Our Amazing Immune System

To understand the science of Phellinus, we must first understand how our amazing immune system works.

Our immune system is the set of cells, tissues and organs that protects our body from pathogens and invaders. For example, at the organ level skin is our largest immune system organ and provides a physical barrier between invading organisms and physical forces such as temperature or chemical exposure. Internal organs like the stomach provide powerful acid and enzymes in gastric juices to destroy ingested organisms, whilst tiny organs like the tear glands contain an antibacterial enzyme that flushes the eyeball with each blink. At the microorganism level, blood cells perform the work of the human immune system, and the cells that make up our immune system are diverse in number, size, function, and location.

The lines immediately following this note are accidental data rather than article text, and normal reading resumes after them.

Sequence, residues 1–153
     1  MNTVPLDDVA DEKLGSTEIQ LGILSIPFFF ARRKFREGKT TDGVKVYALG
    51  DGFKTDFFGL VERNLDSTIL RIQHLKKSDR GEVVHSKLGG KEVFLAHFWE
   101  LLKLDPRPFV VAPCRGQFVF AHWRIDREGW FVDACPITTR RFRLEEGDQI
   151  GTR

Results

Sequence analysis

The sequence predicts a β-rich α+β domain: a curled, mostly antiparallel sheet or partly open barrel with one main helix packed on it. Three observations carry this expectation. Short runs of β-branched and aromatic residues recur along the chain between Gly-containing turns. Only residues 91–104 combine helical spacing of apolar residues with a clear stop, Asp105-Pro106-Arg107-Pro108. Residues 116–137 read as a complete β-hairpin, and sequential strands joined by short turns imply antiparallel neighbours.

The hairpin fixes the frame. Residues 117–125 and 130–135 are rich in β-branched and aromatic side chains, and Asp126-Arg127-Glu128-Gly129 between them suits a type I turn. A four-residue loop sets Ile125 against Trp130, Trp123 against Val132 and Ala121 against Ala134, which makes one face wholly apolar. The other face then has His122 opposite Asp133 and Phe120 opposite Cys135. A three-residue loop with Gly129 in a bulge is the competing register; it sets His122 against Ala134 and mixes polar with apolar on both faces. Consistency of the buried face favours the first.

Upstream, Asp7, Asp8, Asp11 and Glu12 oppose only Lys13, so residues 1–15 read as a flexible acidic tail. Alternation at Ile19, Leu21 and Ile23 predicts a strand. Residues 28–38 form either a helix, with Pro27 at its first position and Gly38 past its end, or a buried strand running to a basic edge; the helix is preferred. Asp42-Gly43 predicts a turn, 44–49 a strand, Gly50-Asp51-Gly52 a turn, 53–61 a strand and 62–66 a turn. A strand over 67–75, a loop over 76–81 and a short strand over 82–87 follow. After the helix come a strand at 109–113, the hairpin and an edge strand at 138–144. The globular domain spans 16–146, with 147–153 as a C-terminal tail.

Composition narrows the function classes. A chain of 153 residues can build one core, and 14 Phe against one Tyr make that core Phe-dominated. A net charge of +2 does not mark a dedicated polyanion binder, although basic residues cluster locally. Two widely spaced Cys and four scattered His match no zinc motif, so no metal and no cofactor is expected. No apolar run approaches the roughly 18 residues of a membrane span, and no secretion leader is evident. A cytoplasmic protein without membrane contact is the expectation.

With so many types of immune system cells, one key differentiation is between two large families of immune cells that are differentiated by how they deal with threats. These two big families of immune cells are known as the “active immunity” and the “innate immunity”.

Although some people are born with immune system disorders, the vast majority of cases, often chronic and life-threatening, will be developed due to age or disease throughout one’s life.

Between the complementing approaches to managing our immunity, our natural body’s defence is very strong and capable of dealing with an unbelievable amount of threats to the human body. However this assumes a properly communicating, properly nourished, quick reacting immune system. External factors can play a role in degenerating our immune system faster or in more difficult to manage way. One consideration for all human immune systems is age: as we get older our communication between immune cells decreases, notably in the cooperation between the leukocytes of active immunity and natural killer cells & macrophages of the innate immunity.